The bottom line: if you liked Diana Gabaldon’s Outlander, you’ll probably really like this one.
However, the long explanation is a lot more complicated. I liked parts of this book, and others not so much. But my fundamental problem with the book is that I thought a good third to half of this book was wholly unnecessary.
Because of the conflicts set up in A Discovery of Witches, and because Diana needs help figuring out what kind of witch she is (and to control her magic), Matthew and Diana travel to the past. To England, circa 1590. Which brings me to my first annoyance: too often, I felt Harkness was using her status as a historian to show off. I kept feeling that she set the book in the past not because it best served the story (though in some ways, it did), but because she knows history and wanted to incorporate it. However, too often I was pulled out of the story because of her name dropping (Christopher Marlowe, Shakespeare, Queen Elizabeth, to name a few) and all the historical detail. It made it difficult to just enjoy the story.
Matthew and Diana aren’t in England very long before they cause a ruckus and get sent to Sept Tours, Matthew’s ancestral home, where his dead father is still very much alive. And who forces them to get married. (In way too many pages. Followed by many, many more pages of [not graphic, or even titillating] married sex.) Back to England they go, where (in some of the best passages) Diana begins to figure out that she’s a unique sort of witch, and gets a handle on her magic. Oh, and gets pregnant by the vampire.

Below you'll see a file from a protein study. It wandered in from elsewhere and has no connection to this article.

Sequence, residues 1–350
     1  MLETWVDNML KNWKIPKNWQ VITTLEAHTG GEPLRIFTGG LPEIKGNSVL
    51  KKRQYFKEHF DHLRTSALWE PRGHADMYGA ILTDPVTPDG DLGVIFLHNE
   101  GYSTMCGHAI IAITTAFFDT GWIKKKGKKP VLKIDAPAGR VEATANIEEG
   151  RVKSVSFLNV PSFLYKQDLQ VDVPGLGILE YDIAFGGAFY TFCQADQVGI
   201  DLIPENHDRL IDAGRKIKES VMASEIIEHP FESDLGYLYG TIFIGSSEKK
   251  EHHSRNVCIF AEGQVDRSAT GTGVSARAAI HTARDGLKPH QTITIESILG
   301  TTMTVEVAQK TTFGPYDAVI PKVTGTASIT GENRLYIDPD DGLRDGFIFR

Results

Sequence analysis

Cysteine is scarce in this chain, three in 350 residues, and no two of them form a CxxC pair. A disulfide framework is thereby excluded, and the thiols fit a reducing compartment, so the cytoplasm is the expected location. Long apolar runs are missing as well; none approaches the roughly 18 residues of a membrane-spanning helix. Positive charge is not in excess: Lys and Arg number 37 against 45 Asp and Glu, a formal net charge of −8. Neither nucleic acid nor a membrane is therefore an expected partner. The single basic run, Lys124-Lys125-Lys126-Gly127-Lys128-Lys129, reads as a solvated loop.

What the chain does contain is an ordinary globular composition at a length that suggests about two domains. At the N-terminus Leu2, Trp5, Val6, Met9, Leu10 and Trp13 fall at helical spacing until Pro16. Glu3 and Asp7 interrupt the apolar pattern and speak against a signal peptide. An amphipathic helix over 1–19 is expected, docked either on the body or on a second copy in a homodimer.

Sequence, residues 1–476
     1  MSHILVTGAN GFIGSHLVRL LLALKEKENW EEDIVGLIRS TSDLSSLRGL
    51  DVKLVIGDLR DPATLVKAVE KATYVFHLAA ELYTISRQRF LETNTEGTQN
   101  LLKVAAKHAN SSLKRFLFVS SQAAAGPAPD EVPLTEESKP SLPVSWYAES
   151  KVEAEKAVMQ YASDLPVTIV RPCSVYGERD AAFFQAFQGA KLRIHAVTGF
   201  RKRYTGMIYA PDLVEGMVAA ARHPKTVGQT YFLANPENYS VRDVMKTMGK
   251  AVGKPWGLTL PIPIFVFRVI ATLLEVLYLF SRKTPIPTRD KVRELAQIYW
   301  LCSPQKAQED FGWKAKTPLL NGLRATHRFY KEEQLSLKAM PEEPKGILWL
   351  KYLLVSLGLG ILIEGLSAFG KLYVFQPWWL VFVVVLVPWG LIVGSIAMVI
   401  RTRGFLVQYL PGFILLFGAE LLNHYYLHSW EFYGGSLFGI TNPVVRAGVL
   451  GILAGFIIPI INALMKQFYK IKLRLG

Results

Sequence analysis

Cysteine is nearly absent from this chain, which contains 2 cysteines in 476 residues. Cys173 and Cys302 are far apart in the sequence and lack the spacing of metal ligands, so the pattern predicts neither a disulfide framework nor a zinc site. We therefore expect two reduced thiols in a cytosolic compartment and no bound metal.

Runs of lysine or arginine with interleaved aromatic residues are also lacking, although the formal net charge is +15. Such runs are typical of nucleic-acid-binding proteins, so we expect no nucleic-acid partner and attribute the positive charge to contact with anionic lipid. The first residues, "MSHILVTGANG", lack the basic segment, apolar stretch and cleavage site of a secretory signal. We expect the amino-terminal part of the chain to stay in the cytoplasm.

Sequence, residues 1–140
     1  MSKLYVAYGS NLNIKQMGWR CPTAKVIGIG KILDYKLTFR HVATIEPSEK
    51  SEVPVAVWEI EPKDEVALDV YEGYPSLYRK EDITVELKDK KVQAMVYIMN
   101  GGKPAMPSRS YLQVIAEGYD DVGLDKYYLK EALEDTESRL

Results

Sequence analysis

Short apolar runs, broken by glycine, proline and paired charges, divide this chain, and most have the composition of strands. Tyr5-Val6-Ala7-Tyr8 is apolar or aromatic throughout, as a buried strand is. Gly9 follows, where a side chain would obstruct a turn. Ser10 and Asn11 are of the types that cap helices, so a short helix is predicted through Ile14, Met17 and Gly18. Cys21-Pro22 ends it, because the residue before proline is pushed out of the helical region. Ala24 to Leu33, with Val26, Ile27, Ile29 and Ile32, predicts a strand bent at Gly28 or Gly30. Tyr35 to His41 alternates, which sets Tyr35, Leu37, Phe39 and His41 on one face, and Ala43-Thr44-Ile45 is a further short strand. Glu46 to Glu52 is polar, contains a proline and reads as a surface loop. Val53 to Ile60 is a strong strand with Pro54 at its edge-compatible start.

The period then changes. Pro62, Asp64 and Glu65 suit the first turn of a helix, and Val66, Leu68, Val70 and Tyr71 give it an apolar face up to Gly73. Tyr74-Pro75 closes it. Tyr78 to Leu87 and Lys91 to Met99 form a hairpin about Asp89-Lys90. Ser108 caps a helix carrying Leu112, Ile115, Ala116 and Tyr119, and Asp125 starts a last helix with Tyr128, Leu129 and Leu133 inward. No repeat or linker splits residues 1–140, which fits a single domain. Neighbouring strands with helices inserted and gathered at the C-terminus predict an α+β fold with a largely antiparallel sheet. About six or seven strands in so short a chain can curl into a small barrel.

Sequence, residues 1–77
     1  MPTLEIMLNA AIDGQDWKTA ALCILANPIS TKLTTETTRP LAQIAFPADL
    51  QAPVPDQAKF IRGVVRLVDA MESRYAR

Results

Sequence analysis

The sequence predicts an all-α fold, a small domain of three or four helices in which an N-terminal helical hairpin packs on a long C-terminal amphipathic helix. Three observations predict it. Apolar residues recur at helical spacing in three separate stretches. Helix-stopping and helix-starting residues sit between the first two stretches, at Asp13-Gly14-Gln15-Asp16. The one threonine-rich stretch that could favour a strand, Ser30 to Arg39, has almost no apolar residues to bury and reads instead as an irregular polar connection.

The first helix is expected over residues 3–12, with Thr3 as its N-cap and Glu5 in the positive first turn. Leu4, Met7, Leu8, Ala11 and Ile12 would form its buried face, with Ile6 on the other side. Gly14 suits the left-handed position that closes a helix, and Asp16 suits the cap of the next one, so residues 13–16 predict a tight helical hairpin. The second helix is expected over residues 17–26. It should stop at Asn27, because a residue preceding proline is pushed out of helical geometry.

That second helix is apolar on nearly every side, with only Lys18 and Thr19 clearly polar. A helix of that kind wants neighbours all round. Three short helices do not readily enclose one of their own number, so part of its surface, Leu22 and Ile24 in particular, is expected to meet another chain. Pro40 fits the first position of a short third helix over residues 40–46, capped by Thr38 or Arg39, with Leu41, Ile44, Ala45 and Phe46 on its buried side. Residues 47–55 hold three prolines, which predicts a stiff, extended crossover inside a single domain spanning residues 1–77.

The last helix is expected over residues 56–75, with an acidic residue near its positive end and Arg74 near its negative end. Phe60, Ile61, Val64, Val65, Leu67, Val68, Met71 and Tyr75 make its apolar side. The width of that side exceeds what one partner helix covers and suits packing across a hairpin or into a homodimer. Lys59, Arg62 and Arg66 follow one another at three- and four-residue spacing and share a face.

Before you think that Harkness went all Breaking Dawn on us, she didn’t. Oh, sure, there are influences: Matthew is just as protective and oppressive as Edward; apparently it’s in a vampire’s “nature.” The difference is that rather than being pushed around, Diana takes him on. Thank heavens for that; in many, many ways, Diana as a character is the best part of this novel. She’s strong, interesting, clever, inquisitive and plain fun to be around as a character.
There’s more, of course: It’s a nearly 600-page book, and Harkness finds ways to fill those pages out. And it’s not a bad book, per se: I did finish it. Because even with all the extra historical stuff, and the roundabout plotting, I am invested in Matthew and Diana’s story. Which means I’m already asking when the next one will be out.
Rated: Moderate for some swearing, and a lot of married (non-graphic, though some things are insinuated) sex.